Is Google Rolling Back Pigeon Update?

In late July, Google released an unnamed update that heavily impacted local search results. Since Google didn’t give this update an official name, or reveal what percentage of English search queries were impacted, the folks at Search Engine Land started referring to it as the “Pigeon” update.  According to Google, Pigeon allows local search to utilize many of the same core ranking factors that traditional web search uses. This means that Google is placing more emphasis on things like backlinks and domain authority when determining local search relevancy.

As with any major update, there were plenty of sites that lost a significant amount of organic traffic. However, what made Pigeon unique is that it sidelined local businesses to make room for larger directory sites, like Yelp, Expedia and Urbanspoon. This move seemed counterintuitive for Google, since they have historically favored small businesses over directory-style sites. One of the most notable changes in the SERPs was the removal of the 7-pack map listing. According to Darren Shaw from Whitespark, local packs plummeted by 23.4 percent across the board. Additionally, by favoring larger directory sites, Google effectively made it easier for sites to use spammy link building tactics to gain search visibility.

Fortunately, it looks like Google may have taken notice. Conrad Saam recently posted some admittedly limited data suggesting that Google is slowly rolling back the uninvited Pigeon update. He points out that his theory is nothing more than conjecture, but he brings up some rather interesting points. Conrad worked with Gyi Tsakalakis of AttorneySync to determine how the Pigeon update impacted law firm websites. The study analyzed weekly organic traffic and rankings for 57 law firms. Based on their data, many law firms have regained their pre-Pigeon organic rankings. But does this really mean that Pigeon is rolling back?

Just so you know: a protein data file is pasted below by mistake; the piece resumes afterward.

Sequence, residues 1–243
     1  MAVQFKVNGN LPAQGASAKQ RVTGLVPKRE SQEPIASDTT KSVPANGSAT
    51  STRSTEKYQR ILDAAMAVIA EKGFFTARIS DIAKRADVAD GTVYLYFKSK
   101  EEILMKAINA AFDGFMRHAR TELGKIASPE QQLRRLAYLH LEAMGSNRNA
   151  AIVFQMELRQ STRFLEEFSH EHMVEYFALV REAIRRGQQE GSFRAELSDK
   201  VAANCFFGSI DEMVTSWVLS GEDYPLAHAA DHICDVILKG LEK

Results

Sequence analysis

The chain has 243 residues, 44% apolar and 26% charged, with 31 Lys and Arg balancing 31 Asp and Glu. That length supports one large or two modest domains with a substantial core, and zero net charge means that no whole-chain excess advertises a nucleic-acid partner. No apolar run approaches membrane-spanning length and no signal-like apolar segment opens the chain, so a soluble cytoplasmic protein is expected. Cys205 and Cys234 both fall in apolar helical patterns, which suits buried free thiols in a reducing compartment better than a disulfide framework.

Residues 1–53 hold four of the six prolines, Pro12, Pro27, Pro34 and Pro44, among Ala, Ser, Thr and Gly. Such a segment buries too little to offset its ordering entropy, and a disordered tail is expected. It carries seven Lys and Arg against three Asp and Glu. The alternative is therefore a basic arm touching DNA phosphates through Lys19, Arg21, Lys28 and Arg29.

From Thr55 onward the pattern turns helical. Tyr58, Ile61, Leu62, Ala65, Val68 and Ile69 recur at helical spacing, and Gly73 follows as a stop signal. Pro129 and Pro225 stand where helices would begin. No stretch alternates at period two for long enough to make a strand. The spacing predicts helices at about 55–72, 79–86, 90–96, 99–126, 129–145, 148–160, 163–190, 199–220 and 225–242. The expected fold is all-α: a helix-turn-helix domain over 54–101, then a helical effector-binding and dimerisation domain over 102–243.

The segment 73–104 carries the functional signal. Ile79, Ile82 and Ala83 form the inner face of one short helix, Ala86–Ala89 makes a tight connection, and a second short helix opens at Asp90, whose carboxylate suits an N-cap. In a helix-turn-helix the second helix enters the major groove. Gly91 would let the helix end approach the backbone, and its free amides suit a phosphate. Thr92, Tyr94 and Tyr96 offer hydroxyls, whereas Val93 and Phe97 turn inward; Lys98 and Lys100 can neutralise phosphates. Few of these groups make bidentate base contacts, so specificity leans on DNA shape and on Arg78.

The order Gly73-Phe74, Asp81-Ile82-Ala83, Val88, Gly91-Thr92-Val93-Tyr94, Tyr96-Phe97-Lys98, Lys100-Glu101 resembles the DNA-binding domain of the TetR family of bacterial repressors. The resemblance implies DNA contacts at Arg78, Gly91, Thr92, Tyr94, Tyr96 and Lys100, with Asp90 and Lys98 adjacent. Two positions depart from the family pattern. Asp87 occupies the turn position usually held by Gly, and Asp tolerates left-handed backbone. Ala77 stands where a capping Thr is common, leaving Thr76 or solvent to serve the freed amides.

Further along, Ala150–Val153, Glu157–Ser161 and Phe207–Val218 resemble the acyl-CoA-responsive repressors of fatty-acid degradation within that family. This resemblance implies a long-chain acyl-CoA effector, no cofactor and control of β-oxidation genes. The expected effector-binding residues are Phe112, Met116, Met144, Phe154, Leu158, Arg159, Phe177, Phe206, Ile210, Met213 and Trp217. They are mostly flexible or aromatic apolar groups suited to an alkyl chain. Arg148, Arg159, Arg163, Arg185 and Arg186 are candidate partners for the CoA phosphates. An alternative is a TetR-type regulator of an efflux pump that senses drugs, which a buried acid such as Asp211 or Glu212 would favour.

The truth is it’s really too early to tell. Being that Conrad was only looking at one small subset of local businesses (law firms), we can’t really look at the data as being representative overall. Conrad also adds that law firms are likely more prone to spammy NAP data, which could also be why there has been some cleanup in local pack results for law firms. If your site was negatively impacted by Pigeon and you’ve recently regained rankings –be it organic or local pack results, we’d love to hear about it in the comments section below. For now, this seems to be an isolated recovery, but we’ll definitely keep an eye on things to see if anything changes in the coming weeks.

Photo credit: Flickr user araswami

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